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Joshua States

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Everything posted by Joshua States

  1. If you need a round cut, get some chainsaw files and see if that works. They are made for filing hardened steel. If you need a flat surface like the knife bevels, and you don't have a belt grinder, I suggest using an angle grinder. They do make attachments for using basically what amounts to a sandpaper disc on a hard plastic wheel.
  2. This is the state of my shop as of yesterday.
  3. That is a really nice bit of forge work Billy.
  4. The last time I checked you can get a 100# tank for about $200. I recently bought a 40# tank for the crucible forge for $130.
  5. We've been using 100# tanks for the shop since I cannot remember when. Easy to assemble the connections with a trip to the local Ace Hardware or Home Depot. They sell all the pipe and fittings. Here is the setup we have coming off the tank. What you can't see is the fitting on the tank going immediately into the adjustable regulator. Our tank feeds two forges and each one operates on a different pressure, so I need an adjustable regulator. If you only have one forge, you can get by with whatever regulator came with that forge. The red shut-off feeds the ribbon burner and the yellow one feeds the venturi burner. Only use 1/4 turn gas rated valves. Do not cheap out and try using a multi-turn gate valve. A word about old propane tanks. All gas tanks are date stamped on the collar with the month/year they were originally certified. The certification is good for 12 years. If the tank is out of date, some places will not refill it. Recertification is expensive and most propane suppliers do not do it for liability reasons.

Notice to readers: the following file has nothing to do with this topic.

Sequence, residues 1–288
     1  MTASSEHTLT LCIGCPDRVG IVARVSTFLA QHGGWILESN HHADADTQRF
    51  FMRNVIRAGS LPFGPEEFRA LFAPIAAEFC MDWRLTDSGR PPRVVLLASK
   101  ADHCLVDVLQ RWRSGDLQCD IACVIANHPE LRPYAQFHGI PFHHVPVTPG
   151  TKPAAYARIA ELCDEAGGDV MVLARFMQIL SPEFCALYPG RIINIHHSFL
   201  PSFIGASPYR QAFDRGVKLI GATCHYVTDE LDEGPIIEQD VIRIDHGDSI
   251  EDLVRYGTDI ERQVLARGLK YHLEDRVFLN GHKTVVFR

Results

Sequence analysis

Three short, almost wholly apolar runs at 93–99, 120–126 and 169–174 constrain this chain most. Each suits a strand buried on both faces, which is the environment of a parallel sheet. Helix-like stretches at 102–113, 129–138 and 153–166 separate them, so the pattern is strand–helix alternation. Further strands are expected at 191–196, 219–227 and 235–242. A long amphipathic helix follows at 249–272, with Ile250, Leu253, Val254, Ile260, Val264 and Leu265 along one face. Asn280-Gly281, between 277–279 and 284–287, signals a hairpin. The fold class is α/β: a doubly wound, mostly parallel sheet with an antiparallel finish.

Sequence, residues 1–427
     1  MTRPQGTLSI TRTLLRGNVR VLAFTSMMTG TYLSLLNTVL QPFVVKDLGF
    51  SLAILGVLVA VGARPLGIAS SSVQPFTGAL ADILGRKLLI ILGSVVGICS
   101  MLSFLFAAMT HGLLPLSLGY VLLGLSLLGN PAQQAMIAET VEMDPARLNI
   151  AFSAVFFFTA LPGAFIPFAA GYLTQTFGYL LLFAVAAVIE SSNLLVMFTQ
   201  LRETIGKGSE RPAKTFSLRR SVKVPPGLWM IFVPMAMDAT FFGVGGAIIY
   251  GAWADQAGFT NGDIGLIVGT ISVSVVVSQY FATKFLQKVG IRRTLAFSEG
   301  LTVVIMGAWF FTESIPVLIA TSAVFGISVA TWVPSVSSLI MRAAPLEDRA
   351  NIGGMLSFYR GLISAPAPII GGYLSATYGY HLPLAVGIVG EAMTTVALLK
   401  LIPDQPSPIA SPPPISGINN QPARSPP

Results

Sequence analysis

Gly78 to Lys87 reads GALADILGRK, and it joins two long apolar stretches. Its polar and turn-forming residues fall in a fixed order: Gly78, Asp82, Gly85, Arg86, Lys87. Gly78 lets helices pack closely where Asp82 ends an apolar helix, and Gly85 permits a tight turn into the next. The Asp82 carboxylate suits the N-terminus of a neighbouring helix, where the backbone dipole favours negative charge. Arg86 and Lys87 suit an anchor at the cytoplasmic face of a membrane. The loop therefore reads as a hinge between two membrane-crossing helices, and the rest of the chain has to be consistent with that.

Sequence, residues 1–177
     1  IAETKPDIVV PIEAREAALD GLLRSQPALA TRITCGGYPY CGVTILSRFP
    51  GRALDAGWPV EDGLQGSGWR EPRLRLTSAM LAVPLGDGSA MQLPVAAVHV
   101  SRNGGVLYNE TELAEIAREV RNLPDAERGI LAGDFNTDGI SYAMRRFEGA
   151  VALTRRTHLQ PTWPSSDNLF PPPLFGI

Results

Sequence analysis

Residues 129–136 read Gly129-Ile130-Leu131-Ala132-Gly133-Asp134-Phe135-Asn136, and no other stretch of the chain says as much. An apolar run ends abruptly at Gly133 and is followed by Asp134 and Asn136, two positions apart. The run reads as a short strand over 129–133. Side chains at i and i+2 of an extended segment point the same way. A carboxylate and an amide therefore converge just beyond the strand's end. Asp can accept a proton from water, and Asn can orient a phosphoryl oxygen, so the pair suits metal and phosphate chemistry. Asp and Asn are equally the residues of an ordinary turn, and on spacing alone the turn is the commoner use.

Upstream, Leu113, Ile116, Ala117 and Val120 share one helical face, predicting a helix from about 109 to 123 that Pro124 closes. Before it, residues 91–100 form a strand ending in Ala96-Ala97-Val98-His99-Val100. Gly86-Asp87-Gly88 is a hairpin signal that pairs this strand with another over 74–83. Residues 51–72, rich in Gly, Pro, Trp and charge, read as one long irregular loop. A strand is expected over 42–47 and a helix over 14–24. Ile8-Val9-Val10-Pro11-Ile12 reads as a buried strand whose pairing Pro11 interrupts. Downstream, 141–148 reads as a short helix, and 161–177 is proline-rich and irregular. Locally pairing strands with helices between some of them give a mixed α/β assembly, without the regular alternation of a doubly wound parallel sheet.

6. My standard 15N20 is .063" thick. Yes, the product is inverse from what we normally see in PW where the dark is often thicker than the shiny. Still, even doubling the 1095 to match the 15N20, a 2" thick billet is around 32 layers visually. If you can fit 2.5 inches in your forge, that's 50 layers. Two welding cycles and you are at 150-200 layers.
  7. Lots of reasons these fail, many have been mentioned. I view angle grinders as consumables and have replaced many of them over the years. Here in the States, my favorite brand for long life is Porter Cable. The others seem to just wear out after 3-4 years.
  8. Dude. It hasn't been a year yet. You still have 6 weeks left.
  9. https://cashenblades.com/2021/02/08/1095/ That will get you everything you need to know. I know what I would do with that steel, depending on how wide it is. I would stack that up with some 15N20 and make pattern weld billets out of it. The layer count would be really high realy fast.
  10. That's pretty cool Geoff.
  11. Seriously upping the game Jake. I saw the blade and handle on FB, but that ferrule and sheath! Whoa baby!
  12. Congratulations! Je vous souhaite de nombreuses années de bonheur, de prospérité et de bonheur.
  13. No idea on that anvil, but I like that base. Reminds me of something..... Anyway, I worked on a 200 pound Peter Wright for a long time and recently switched to a 160 pound fisher. The PW was refaced and not very lively and the Fisher is a dream to use. I'm not sure the extra 60 pounds will make that much difference, but the truth is they list the 200 pounder as out of stock. So depending on how much time you have......the choice may already be made.